And most damaging, it can wage war and thereby siphon off wealth, technology, and the lives of its citizens.
Two receiving instruments, a siphon recorder and a mirror galvanometer, are shown; one only is absolutely necessary, but it is convenient Cable to have the galvanometer ready, so that in case of accident to the recorder it may be at once switched into circuit by the switch s.
In the undulator apparatus, which is similar in general principle to the " siphon recorder " used in submarine telegraphy, a spring or falling weight moves a paper strip beneath one end of a fine silver tube, the other end of which dips into a vessel containing ink.
The siphon is supported on a vertical axle carrying two armatures which are acted upon by two electromagnets.
Screw adjustments are provided for closing or opening the air gap between the electromagnets and armatures, for raising or lowering the siphon, and for adjusting the point of the siphon to the centre or side of the paper strip. The received signals are recorded on the paper strip in an undulating continuous line of ink, and are distinguished by the length of deviation from zero.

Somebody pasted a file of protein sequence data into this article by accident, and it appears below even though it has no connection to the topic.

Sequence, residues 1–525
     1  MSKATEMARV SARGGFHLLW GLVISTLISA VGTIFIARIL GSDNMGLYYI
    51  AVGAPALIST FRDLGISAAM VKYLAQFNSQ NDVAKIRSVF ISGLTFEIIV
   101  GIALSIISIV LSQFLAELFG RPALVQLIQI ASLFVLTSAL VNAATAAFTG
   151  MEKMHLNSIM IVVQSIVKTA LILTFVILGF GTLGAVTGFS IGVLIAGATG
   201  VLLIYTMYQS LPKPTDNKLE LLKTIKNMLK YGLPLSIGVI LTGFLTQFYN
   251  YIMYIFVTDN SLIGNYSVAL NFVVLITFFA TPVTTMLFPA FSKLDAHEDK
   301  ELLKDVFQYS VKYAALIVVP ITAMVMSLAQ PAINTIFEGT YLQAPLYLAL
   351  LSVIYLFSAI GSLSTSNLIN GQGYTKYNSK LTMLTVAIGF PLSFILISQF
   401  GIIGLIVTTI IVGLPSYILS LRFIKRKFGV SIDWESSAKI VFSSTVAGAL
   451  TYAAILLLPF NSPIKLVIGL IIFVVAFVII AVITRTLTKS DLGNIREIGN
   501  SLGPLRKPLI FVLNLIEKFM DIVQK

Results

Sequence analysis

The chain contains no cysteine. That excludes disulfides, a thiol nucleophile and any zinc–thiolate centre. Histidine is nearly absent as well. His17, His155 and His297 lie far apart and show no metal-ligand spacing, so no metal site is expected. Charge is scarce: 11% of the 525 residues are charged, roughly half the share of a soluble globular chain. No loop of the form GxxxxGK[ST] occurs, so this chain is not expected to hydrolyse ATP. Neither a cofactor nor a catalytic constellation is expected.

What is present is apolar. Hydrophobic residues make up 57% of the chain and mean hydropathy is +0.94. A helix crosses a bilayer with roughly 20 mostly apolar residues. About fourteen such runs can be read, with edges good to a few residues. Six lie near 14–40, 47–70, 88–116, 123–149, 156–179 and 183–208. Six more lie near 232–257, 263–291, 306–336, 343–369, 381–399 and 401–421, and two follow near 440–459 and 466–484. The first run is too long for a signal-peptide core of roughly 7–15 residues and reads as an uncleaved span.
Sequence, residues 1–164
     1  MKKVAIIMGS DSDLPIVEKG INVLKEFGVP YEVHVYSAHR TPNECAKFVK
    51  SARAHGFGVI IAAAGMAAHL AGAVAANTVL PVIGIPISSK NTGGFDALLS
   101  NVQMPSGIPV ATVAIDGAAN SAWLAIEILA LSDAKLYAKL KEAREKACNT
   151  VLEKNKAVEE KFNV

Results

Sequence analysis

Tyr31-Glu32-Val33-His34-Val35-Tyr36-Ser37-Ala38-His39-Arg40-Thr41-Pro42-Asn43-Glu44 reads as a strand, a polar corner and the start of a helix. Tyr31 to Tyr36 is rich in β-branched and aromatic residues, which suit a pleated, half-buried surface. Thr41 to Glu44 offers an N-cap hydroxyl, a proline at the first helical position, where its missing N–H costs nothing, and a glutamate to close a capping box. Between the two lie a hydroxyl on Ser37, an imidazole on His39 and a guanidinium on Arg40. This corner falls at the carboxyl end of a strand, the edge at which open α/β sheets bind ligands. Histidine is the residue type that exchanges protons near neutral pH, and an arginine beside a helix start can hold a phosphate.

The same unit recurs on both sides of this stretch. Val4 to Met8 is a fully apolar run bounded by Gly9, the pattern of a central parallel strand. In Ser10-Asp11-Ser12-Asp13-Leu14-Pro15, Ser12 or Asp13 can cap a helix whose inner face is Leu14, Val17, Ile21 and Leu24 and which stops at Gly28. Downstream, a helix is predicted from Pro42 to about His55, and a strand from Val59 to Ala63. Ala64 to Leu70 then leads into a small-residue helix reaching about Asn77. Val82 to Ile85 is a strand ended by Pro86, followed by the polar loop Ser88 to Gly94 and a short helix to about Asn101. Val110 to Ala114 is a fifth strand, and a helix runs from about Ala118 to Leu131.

A fine glass siphon tube is suspended with freedom to move in only one degree, and is connected with the signal-coil and moves with it.
The short leg of the siphon tube dips into an insulated ink-bottle, so' that the ink it contains becomes electrified, while the long leg has its open end at a very small distance from a brass table, placed with its surface parallel to the plane in which the mouth of the leg moves, and over which a slip of paper may be passed at a uniform rate, as in the spark recorder.
The ink is electrified by a small induction electrical machine E placed on the top of the instrument; this causes it to fall in very minute drops from the open end of the siphon tube upon the brass table or the paper slip passing over it.